Khaing Roe La | DMG
22 February, Sittwe
Despite fierce fighting in recent months between the military and Arakan Army, the door is still open for the latter to come to the table for a peace dialogue addressing the ethnic armed group’s grievances, President Office spokesperson U Zaw Htay said on February 21.
“The problems in the state cannot be solved by shutting them [the AA] out. We have examples of such problems from the events that have transpired over more than 70 years,” said U Zaw Htay, speaking during a news conference at the Presidential Palace in Nay Pyi Taw.
The government had arranged to meet representatives of the four ethnic armed groups that make up the Northern Alliance, including the AA, for peace talks in China during the second week of February, he said, but the plan was scrapped due to the coronavirus outbreak in China.
AA spokesperson Khaing Thukha said the government needed to openly show its plan to establish a federal system, adding that peace could be established only if political problems were resolved fairly.
“Especially, the Myanmar military needs to stop its current offensive war using mass force. How the government will guarantee national equality and self-determination, which is the current political problem, is an important question,” he said.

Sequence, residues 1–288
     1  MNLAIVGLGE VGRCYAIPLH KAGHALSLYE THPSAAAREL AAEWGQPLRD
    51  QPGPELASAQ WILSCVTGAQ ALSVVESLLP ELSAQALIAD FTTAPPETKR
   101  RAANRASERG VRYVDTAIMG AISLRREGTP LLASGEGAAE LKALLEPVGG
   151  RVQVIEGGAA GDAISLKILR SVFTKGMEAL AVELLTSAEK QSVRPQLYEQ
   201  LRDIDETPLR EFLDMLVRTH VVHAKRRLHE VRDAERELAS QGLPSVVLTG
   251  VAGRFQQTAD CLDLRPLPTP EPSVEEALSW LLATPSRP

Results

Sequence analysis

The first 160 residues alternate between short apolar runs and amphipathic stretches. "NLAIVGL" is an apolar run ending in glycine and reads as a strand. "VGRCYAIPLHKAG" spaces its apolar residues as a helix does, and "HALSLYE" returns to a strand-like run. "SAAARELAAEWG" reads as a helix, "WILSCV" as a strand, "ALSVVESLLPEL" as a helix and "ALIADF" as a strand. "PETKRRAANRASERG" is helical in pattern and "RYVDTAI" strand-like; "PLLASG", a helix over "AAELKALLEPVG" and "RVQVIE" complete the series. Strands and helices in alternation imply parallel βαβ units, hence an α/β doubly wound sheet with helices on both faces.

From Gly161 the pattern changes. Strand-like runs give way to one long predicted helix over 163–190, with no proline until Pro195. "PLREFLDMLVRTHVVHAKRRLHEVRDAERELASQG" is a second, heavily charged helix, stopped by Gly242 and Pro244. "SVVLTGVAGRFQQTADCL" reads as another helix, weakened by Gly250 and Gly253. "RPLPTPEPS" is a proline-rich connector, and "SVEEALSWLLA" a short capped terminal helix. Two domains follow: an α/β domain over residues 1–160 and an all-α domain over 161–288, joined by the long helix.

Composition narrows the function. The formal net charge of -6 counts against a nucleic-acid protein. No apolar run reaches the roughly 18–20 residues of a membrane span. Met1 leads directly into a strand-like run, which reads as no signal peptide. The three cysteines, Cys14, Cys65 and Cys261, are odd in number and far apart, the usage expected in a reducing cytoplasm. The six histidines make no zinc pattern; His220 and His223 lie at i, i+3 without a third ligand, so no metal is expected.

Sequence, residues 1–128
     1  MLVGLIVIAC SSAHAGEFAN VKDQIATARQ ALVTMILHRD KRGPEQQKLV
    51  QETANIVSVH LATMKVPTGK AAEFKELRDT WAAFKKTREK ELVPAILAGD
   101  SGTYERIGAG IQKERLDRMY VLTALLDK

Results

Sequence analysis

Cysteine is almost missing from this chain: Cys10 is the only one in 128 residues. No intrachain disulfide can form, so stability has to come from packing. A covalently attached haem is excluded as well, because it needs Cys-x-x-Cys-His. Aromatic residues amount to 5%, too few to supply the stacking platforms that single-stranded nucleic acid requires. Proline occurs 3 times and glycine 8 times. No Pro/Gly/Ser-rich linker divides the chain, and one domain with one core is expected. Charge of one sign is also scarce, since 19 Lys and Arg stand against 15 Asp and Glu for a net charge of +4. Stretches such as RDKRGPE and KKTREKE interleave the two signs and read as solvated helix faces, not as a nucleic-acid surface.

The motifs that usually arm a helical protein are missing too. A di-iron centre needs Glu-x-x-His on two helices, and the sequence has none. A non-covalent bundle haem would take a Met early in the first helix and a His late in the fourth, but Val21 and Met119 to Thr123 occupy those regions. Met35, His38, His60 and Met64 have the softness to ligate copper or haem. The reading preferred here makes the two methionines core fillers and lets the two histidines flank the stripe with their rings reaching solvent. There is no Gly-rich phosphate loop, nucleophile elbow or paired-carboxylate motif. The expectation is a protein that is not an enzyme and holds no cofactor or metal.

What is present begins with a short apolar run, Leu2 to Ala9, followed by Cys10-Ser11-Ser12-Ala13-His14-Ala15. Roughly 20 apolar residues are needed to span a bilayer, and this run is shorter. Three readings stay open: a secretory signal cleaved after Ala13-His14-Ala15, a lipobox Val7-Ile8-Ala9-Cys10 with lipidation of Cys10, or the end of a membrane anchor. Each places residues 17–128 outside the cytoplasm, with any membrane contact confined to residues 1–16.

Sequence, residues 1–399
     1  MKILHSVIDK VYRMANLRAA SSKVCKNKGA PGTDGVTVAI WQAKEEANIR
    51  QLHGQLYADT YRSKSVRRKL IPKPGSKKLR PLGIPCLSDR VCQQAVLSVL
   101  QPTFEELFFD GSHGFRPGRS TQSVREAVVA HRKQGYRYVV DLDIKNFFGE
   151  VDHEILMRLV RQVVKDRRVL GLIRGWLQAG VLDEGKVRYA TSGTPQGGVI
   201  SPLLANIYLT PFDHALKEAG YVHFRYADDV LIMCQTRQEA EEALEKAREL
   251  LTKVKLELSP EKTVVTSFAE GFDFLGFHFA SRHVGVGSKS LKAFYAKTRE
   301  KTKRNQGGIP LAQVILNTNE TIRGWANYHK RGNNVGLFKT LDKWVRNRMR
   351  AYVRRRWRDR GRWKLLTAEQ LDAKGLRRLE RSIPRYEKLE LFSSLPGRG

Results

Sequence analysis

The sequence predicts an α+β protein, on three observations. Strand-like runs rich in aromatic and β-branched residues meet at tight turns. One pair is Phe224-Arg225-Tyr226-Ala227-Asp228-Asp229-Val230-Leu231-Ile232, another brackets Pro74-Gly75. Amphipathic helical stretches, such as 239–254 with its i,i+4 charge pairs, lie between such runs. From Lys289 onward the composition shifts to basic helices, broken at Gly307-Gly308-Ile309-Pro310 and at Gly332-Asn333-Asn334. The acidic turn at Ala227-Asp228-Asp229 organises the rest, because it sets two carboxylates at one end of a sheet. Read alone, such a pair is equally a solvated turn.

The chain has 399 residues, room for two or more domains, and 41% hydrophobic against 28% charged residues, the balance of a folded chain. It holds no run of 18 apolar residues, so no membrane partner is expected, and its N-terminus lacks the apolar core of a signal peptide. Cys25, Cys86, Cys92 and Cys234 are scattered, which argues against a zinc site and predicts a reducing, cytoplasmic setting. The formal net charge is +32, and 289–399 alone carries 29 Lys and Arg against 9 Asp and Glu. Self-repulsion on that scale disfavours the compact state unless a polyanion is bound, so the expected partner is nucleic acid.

U Hla Thein Aung, an Arakan State lawmaker for Minbya Township, said he was hopeful that peace talks between the government and AA might produce positive results, despite previous dialogues yielding little.
“Talks between them have been made for a long time, but nothing has happened so far. But their meetings were in good faith. We want them to arrive at good outcomes,” he said.
The Tatmadaw and AA have been fighting in Arakan State since the end of 2018, with the number of civilians displaced by the conflict surpassing 100,000. Additionally, over 130 civilians have been killed and more than 360 were injured, according to the Arakan Students’ Union (Universities – Yangon).